Welcome to the Chesapeake Bay Maritime Museum's Boatyard Blog, where all things related to Chesapeake Bay Boats are discussed. Follow the Museum's progress on historic Chesapeake boat restoration projects, watch wooden boats being built from scratch in our Apprentice For a Day program, and meet the dedicated staff and volunteers working hard to give you the experience of Chesapeake Bay history while preserving traditional Chesapeake Bay boat building techniques. Make sure to join us as a follower of this blog so you will be notified of new posts, and make comments on anything you see on the blog.
Tuesday, December 28, 2010
Meet the Museum's Floating Fleet : Old Point
Old Point has two hatches over the hold in the middle of the vessel, a small one just forward of the pilothouse and a large hatch just abaft of the mast. The pilothouse has two bunks (the upper one remains), and there was a swing down bunk in the engine room. The fuel tank was located above in the engine room. The fuel tank was located above deck behind the pilothouse. Forward of the mast was a forepeak with a raised companionway, with a barrel for fresh water forward of this structure. A steadying sail was formerly used with the gaff doubling as a cargo hoist.
J.G. Wornom built Old Point for J. I. and George C. Wainwright, but for much of her life (1913-1956) Old Point was owned by the Bradshaw family of Hampton, Virginia. During these years the Bradshaws used Old Point as a crab dredger in the winter, to freight fish in the summer, and to carry oysters from the James River during the fall, selling their catch to the Ballard Fish and Oyster Co. in Norfolk, Virginia.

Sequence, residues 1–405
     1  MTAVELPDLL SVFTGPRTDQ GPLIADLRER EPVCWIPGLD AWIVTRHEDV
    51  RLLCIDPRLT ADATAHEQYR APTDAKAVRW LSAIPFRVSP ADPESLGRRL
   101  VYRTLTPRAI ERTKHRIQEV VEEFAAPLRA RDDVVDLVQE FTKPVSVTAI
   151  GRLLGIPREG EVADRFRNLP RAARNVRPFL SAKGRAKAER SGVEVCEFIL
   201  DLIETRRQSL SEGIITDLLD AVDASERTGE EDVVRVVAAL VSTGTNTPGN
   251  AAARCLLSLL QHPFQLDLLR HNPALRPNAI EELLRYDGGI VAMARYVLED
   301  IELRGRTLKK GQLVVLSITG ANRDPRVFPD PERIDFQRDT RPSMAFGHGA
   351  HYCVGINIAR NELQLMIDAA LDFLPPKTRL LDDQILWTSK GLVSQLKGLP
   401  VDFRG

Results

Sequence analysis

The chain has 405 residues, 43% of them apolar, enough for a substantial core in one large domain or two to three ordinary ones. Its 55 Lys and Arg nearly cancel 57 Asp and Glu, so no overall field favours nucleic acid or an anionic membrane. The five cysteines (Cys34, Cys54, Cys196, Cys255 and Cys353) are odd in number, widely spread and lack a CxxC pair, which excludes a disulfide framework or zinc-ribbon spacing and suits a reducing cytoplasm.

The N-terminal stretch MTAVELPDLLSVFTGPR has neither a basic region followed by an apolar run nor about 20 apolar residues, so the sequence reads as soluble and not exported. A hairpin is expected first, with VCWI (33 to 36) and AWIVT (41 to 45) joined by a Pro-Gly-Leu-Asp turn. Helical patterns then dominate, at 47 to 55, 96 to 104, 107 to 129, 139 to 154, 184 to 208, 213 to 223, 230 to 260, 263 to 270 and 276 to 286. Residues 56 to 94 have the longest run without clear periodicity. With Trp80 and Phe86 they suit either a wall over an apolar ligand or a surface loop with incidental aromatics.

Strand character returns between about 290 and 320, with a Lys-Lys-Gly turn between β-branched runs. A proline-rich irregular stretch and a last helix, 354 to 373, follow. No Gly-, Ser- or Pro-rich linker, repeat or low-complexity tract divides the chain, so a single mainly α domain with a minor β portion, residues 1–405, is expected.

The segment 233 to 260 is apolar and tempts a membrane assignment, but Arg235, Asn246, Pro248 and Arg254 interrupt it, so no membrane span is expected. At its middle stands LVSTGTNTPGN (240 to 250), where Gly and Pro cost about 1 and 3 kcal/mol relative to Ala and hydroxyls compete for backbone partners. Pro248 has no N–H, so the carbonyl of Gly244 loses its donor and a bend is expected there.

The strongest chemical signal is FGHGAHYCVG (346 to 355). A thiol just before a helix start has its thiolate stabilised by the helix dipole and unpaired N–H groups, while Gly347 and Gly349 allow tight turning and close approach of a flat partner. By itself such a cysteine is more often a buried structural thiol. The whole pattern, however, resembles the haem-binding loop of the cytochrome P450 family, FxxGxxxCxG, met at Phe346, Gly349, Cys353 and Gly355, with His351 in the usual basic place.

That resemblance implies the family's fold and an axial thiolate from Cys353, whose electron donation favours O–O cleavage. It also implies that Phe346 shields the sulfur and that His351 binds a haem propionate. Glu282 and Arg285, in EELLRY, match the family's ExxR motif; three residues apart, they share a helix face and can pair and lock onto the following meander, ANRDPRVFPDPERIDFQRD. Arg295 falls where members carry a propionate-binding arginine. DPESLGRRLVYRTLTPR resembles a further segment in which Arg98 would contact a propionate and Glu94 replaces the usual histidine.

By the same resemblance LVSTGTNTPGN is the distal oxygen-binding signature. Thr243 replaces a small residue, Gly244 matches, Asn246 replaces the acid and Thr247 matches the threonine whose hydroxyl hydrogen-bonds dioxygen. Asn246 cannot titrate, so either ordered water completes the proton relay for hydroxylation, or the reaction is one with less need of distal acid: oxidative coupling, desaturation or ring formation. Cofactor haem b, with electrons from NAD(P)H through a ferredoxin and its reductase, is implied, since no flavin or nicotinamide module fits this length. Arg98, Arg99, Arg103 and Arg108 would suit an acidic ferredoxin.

In 1956, Old Point was sold to the Old Dominion Crab Company, which used her for crab dredging. At some time after 1956, Old Point suffered a fire in the bow that destroyed the forepeak. Some charred frames are still visible; the damaged portion of her logs was filled with Portland cement. It may have been at this time that the gallery and bunks were added above the engine room.
In 1968 she was sold to Norman F. Williams, who changed her name to Miss Terry. She passed through several other ownerships, being used for freight and excursions in the Caribbean until she was donated to the Museum in 1984.
The Museum has since restored Old Point closer to her earlier working appearance by replacing the existing single hatch between mast and pilothouse, refitting the forepeak, and installing a large mast and boom with steadying sail. She is considered to be the last-but-one, log-hull deck boat to work on the Chesapeake.